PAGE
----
President Trump signed the 2019 defense spending authorization bill on Monday, increasing domestic spending on what is already the world’s largest military. This comes as global military spending reaches the highest level since the end of the Cold War.
With the president’s signature, the 2019 National Defense Authorization Act approves $717 billion in spending on the US military and related industries, a $17 billion increase from 2018. Discretionary spending will increase by about $100 billion from 2017 levels, according to the Congressional Research Service. The legislation sets the bar for future defense spending, but appropriations bills are required to dole the money out.
Spending on overseas conflicts such as the 17-year-old war in Afghanistan will increase by more than $2 billion to $69 billion, the highest price tag since 2014. Taxpayers in the United States have spent about $5.6 trillion on the “war on terror” since 2001, and the nation continues to spend billions every year supporting operations in countries such as Iraq, Syria and Afghanistan.
Trump has repeatedly called for increases in domestic military spending while berating NATO allies on the global stage for refusing to invest in their own militaries. Trump’s complaints aside, global military spending has reached the highest level since the end of the Cold War, with countries around the world spending more than 1.7 trillion in 2017, according to the latest data from the Stockholm International Peace Research Institute.
The sprawling US military alone accounts for about 40 percent of global military spending, which is growing once again under the Trump administration after gradually shrinking during the later years of the Obama administration. Trump has repeatedly claimed that he is delivering military funding at “historic” levels, but defense spending actually peaked during the height of the Iraq War in 2010.
Speaking before military service members at Fort Drum in New York, Trump focused on his promise to “rebuild” the military “after years of devastating cuts,” touting funding for new combat vehicles, updated missile systems and a pay increase for troops.
“The tragedy is that the Pentagon wastes many billions of dollars every year on unneeded or fatally flawed weapons systems, hand-outs to corporate contractors and a bureaucracy that’s as big as our active-duty armed forces,” said Lindsay Koshgarian, program director of the National Priorities Project, a group that tracks defense spending. “Until Congress decides to hold the Pentagon accountable, the waste will continue.”
As the US military expanded its global reach during the “war on terror,” the day-to-day costs of maintaining the military and compensating personnel has ballooned. Since 2000, the portion of the defense budget allocated to “operation and maintenance” has grown by 50 percent, even as the number of active-duty personnel has declined, according to a 2017 report by the Congressional Budget Office (CBO). These costs include everything from jet fuel to paper clips, and the CBO notes that they are difficult to track.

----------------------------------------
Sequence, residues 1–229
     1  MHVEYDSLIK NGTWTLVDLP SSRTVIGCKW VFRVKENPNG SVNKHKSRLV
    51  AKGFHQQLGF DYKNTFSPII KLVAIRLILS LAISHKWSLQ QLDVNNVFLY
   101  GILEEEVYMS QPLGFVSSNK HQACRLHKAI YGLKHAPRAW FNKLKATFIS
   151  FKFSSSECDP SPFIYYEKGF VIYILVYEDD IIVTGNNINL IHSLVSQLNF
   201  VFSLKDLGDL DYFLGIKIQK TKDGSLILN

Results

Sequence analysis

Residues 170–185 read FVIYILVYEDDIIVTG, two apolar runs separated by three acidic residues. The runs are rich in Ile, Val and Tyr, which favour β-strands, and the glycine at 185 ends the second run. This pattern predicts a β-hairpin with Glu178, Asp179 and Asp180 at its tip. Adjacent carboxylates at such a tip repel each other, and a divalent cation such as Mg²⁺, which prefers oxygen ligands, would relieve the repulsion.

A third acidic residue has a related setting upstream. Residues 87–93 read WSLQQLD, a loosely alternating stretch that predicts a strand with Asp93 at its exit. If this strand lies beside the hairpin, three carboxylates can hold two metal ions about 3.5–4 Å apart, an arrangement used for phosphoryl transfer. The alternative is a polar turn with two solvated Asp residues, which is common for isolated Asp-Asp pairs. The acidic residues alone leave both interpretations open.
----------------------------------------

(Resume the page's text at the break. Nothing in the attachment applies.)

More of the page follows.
The passage of the annual defense package is typically heralded as a rare example of bipartisanship in Congress, but now that Republicans have passed tax cuts for the rich while seeking massive cuts to health care, education and social services, some progressives in Congress have been speaking out against increases in defense spending.
We cannot spend more on our military than the next 10 nations combined while millions of Americans do not have food and housing and health care. It’s about time we got our national priorities right. That is why I voted against spending $716 billion on the military today.
— Bernie Sanders (@SenSanders) June 18, 2018
The 10 Senate votes against this year’s defense authorization bill include Senators Bernie Sanders, Kamala Harris, Kirsten Gillibrand and Elizabeth Warren. All four lawmakers are thought to be considering a presidential run in 2020.
Still, a majority of Senate Democrats voted to send the legislation to Trump’s desk, and nearly every Republican did as well.
“The approval process for a $717 billion Pentagon budget underscores the lack of any meaningful opposition or questioning of Pentagon wishes,” Koshgarian said. “While other programs have to justify their very existence, the Pentagon gets unquestioning and unearned support from majorities in both parties.”
The military soaks up more than half of the nation’s discretionary budget, and the US government spends significantly less money on public health, the environment and education. For example, had discretionary military spending stayed stable since 2017, the US would have saved enough money to fund Bernie Sanders’s proposal to make college tuition free for every American.